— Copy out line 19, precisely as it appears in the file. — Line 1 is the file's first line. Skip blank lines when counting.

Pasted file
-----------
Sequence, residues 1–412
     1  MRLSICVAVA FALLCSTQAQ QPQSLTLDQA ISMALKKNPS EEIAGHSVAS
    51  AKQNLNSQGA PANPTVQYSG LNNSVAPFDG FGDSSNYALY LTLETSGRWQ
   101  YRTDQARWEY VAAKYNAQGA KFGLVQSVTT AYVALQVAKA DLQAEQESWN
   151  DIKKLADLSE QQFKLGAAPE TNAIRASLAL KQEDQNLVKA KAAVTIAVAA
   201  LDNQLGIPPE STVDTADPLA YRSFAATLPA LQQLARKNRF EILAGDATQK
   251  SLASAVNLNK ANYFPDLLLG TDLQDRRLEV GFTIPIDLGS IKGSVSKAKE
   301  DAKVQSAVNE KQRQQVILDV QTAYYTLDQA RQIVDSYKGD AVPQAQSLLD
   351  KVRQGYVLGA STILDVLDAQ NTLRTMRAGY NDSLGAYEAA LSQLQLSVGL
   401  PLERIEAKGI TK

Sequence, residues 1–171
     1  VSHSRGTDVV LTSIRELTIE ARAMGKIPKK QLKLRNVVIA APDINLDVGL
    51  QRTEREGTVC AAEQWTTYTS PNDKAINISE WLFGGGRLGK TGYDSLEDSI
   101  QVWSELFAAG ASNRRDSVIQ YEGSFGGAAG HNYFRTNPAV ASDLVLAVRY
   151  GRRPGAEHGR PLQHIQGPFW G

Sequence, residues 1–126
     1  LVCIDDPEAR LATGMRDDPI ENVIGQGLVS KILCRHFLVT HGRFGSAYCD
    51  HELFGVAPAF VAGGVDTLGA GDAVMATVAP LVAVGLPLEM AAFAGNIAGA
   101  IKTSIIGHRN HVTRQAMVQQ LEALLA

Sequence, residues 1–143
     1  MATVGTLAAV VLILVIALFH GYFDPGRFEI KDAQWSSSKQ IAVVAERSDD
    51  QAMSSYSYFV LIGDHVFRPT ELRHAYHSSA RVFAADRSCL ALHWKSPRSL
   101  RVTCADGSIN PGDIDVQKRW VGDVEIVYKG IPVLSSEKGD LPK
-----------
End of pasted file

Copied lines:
   101  IKTSIIGHRN HVTRQAMVQQ LEALLA